A little before my son’s second birthday, it became clear to me what people were talking about when they referred to the “Terrible 2’s.” He began to really assert his independence at that age, which I know is normal–but that doesn’t always make it less frustrating.
I try to allow him to do things for himself that he’s capable of doing, to allow him to explore when and where it is safe to do so, and to give him a choice as often as I can. Even so, he often gets very frustrated when I cannot allow him to do something he wants to do, or have something he wants to have, for whatever reason that may be.
If he throws a tantrum, he’s on his own. I simply walk away. If it continues to the point of ohmygodifhedoesn’tshutupi’mgoingtolosemyeffingmind, then I send him to timeout. A 2-minute timeout usually ends the tantrum pretty quickly.
But sometimes he’s not tantruming, he’s just whining. It’s worse than fingernails on a chalkboard. Hearing the constant whining is a trigger for stress and anxiety in me–it’s too much stimuli, it’s like emotional overload. I don’t like a lot of noise, especially a consistent and annoying noise. If you ever hear my child whining and see me sitting there looking calm, maybe even with a smile on my face–look closer. You’ll see the my fists are probably clenched and my smile is very tight. The look of complete calm is fake as hell–although I suppose there is a chance that I may be in my zen place, where I have managed to completely block him out. It happens sometimes.
But it’s more likely that my brain is screaming, Shut up! Shut up! Shut up! Oh my God, just shut up!!!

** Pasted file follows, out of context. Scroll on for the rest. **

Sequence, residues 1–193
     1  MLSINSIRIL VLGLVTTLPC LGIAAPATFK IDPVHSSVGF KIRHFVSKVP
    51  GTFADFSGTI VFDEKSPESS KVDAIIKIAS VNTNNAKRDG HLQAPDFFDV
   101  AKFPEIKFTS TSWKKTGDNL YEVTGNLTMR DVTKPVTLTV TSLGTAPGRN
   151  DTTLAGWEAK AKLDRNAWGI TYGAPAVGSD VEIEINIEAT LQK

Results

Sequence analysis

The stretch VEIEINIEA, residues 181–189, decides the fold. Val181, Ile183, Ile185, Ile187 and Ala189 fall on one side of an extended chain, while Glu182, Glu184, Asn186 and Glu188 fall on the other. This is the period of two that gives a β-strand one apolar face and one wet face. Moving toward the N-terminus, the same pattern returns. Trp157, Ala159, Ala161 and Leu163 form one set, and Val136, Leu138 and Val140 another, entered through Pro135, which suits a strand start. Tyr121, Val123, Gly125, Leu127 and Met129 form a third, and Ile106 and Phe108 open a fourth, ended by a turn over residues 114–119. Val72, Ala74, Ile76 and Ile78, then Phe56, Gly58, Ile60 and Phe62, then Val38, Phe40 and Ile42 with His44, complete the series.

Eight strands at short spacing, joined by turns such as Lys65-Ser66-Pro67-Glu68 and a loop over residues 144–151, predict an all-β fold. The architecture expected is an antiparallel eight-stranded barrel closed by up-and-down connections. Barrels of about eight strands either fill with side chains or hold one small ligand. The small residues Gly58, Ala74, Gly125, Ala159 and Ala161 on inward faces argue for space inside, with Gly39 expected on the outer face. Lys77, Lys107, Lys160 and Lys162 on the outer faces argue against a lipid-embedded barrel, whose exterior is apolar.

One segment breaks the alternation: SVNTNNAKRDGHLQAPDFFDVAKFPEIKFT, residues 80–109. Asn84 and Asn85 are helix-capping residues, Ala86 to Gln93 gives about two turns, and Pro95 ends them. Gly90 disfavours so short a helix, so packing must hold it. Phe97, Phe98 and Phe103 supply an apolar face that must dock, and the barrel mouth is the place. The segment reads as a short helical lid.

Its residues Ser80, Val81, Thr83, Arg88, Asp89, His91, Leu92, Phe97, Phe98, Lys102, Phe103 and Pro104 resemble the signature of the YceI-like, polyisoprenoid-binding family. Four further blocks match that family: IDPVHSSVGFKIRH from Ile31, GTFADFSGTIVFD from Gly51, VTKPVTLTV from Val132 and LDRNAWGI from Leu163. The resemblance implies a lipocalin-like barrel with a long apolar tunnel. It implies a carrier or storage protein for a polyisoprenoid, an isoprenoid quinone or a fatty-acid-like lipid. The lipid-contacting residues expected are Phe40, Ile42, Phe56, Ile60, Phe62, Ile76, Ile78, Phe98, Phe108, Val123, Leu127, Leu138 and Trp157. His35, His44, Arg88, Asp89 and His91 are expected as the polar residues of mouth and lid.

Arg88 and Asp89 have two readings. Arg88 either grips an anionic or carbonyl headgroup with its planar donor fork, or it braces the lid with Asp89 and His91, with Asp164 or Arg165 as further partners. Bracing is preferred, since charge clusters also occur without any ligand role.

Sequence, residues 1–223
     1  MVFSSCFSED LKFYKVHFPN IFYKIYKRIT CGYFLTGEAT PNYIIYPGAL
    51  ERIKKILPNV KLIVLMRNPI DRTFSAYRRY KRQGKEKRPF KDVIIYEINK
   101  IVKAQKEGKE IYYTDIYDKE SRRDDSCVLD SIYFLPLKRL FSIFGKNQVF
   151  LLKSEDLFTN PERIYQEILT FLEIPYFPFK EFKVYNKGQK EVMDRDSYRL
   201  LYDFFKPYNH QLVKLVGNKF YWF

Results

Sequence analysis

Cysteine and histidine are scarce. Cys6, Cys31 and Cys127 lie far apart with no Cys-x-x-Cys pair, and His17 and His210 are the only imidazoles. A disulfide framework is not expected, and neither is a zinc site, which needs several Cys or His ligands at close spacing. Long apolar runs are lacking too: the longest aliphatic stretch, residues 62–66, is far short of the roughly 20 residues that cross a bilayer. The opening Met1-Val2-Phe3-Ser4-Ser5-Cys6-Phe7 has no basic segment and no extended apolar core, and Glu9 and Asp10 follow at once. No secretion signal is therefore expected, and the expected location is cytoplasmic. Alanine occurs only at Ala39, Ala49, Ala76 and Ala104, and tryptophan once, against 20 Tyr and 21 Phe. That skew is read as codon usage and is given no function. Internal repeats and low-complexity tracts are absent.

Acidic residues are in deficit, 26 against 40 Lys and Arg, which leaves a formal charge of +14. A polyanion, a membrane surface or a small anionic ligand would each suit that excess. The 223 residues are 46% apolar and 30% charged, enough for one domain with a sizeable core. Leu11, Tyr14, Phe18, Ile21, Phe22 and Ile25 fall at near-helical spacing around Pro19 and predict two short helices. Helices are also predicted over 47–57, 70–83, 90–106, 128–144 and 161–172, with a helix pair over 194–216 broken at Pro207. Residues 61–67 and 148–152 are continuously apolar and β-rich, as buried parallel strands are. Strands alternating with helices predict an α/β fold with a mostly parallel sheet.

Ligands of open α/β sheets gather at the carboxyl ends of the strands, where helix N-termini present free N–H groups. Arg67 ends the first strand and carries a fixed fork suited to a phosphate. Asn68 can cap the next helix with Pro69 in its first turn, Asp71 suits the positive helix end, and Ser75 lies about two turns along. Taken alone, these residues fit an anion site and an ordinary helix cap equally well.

There have been many times when I have had to get up, walk away, and let my husband handle the situation. However, while it’s certainly okay to walk away and take a breather if you feel like you might become the tantruming toddler yourself, it’s also very important to be able to gather yourself and handle the situation in a productive way.
One day when I was feeling particularly brave, just a few weeks after his 2nd birthday, I tried something to combat the constant whining–and I’ll be damned if it didn’t work!
When J started whining, I put my hands on his face and gently directed him so that he was looking into my eyes. I said to him, “J, I know you’re mad/upset/sad right now, but we need to calm down. I’m going to count to 10 and when I finish, I want you to be calm, okay?”
(Like magic, yes?!)
Then I counted to 10 really slowly (I paused for about a second between each number). The entire time I was counting, I maintained eye contact with him. By the time I reached 4 or 5, he was calm, but I kept counting anyway.
Sometimes he starts whining again as soon as I finish counting. If he does, I repeat the action. I’ve been doing this for the last few months and it really does work many times (not always, but a lot!).
It serves 5 purposes that I can think of:
- It lets him know that I recognize and acknowledge his feelings. Yes, I know that sounds all modern-day parenting bullshitty, but there’s something to be said for it. Recognizing his feelings doesn’t mean I have to tolerate his actions.
- It helps him begin to understand and recognize his own feelings.
- It keeps him focused on something calm (mommy’s calm voice and gentle hands on his face).
- It allows me to calm down if I’m losing patience with him.
- Hopefully, it teaches him ways to self-sooth when he’s frustrated.
Another thing I say to him that tends to work is, J, use your words, not your whines or Mommy doesn’t speak whine. When it’s reasonable, I try to give him what he asks for when he’s using a normal tone of voice, rather than whining. If he’s whining, he’s not getting it. He’s learned pretty quickly that he’s a lot more likely to get what he wants through calmly asking, than through whining or crying about it.
Other times, I pour myself a glass of cabernet, tell my husband good luck, and lock myself in the bathroom. That works too.
What methods do you use to combat toddler meltdowns? What do you do when your toddler throws a tantrum in public?